The Audeze Penrose are okay for sports and fitness, but they're not really designed for this purpose. While they're comfortable and can be used wirelessly with your smartphone via Bluetooth, they can fall off your head with moderate movement. They also have a bulky design and aren't very portable.
The Audeze Penrose are reasonable for office use. They have a comfortable fit as well as a bit over 13 hours of continuous playback time, which should be enough to last through long days at the office. However, they struggle to reduce ambient chatter around you and they leak a little bit of audio, so your colleagues may be able to hear it.
The Audeze Penrose are good for wireless gaming. These comfortable headphones have low latency via their wireless dongle and deliver over 13 hours of continuous playtime. They also have a neutral sound profile that can be customized via their companion app, and their mic offers great overall performance, so teammates can easily understand you. On the downside, unlike the Audeze Mobius, they lack a built-in virtual soundstage feature.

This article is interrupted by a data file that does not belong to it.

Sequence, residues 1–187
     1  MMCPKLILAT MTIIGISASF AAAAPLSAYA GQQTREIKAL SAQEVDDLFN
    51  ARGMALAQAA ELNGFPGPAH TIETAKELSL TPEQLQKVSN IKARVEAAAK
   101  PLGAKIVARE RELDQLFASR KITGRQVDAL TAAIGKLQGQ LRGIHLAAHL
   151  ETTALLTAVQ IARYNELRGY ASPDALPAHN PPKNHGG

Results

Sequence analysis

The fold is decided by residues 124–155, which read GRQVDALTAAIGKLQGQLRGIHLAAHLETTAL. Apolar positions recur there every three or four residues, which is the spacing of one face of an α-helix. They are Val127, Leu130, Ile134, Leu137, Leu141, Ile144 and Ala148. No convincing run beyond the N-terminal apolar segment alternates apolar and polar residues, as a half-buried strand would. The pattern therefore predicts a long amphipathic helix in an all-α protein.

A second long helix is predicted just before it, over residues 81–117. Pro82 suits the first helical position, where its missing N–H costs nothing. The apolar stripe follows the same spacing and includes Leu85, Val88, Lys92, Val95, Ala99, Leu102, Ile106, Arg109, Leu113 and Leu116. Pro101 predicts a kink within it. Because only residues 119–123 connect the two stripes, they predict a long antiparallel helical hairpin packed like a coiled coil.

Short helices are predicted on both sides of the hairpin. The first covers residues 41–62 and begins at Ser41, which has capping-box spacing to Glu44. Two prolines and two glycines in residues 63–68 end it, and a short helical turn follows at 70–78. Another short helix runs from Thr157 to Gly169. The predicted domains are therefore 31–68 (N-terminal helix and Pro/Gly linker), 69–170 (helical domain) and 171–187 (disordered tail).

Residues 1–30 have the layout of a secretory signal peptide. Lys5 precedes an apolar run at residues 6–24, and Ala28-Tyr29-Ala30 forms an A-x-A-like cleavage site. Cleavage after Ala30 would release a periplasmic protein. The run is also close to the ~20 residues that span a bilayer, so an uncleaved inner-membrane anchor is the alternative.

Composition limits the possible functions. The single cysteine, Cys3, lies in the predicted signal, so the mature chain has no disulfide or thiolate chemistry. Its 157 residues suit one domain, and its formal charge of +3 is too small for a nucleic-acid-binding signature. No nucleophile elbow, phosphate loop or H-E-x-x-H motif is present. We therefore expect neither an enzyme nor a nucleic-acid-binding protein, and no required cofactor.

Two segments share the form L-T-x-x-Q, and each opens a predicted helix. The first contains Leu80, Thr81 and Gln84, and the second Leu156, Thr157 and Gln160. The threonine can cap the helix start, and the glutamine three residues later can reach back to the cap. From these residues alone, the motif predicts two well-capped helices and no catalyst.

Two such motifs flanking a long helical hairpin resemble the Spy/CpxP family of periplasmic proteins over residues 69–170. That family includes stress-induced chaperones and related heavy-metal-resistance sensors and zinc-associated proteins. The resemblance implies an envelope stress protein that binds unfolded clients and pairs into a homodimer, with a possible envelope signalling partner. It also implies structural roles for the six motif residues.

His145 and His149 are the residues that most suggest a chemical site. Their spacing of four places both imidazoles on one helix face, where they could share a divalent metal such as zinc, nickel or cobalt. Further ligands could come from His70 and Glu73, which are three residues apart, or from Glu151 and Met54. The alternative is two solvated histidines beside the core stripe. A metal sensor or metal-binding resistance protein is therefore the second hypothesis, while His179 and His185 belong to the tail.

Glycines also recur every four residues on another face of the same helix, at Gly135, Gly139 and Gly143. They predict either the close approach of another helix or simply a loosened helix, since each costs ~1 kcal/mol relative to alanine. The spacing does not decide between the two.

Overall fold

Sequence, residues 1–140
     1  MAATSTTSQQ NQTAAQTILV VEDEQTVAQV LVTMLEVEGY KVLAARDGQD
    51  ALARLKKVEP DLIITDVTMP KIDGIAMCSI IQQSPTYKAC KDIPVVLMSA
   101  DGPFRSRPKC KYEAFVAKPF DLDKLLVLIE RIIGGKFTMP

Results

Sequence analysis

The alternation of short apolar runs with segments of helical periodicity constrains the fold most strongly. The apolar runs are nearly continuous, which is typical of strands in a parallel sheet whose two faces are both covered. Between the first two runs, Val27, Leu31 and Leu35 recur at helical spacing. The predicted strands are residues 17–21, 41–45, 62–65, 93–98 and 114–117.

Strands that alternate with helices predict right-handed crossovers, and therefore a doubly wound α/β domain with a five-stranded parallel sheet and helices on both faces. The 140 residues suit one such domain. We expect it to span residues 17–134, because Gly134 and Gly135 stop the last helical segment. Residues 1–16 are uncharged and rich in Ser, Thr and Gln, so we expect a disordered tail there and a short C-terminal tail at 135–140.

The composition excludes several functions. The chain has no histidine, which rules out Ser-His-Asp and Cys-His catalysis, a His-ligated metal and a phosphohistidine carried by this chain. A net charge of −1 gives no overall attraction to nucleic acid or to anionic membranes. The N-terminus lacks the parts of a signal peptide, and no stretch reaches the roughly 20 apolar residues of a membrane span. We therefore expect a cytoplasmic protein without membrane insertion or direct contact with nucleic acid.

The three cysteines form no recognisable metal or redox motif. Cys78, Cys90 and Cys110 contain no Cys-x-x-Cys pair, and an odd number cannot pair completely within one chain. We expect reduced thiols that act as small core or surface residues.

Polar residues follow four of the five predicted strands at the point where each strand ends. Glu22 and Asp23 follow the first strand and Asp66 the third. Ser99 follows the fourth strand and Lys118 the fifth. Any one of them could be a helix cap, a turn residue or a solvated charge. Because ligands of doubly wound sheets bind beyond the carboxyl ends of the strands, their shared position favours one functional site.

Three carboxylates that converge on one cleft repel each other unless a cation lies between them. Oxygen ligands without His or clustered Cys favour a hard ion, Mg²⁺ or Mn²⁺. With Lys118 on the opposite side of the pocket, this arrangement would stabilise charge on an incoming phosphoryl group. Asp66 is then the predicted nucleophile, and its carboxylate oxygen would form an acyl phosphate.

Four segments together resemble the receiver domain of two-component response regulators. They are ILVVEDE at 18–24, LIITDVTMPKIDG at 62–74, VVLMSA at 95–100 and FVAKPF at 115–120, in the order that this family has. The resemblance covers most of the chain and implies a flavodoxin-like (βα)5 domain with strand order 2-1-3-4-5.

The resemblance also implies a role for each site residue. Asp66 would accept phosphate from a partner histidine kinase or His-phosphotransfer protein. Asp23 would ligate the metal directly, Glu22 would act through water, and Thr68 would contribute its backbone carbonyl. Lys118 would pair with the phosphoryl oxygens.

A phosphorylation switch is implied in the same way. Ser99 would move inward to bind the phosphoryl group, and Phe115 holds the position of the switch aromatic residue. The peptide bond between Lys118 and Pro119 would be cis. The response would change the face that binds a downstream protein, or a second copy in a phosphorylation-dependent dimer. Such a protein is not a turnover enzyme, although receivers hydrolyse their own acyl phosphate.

The Audeze Penrose are very good for wired gaming. Their 1/8" TRRS cable offers full compatibility with consoles that have an AUX jack. They're also comfortable, have a neutral sound profile that can be customized through their companion app, and their boom mic can capture your voice clearly. However, they lack a built-in virtual soundstage feature.
The Audeze Penrose are decent for phone calls. Their detachable boom mic does a good job of capturing your voice, so speech sounds clear and full-bodied, although thin. It can also separate your voice from ambient noise around you, even in loud environments like a busy street. However, these headphones struggle to cut down noise around you, so you're likely to hear everything from bus engines to coffee-shop chatter, which can be distracting on a phone call.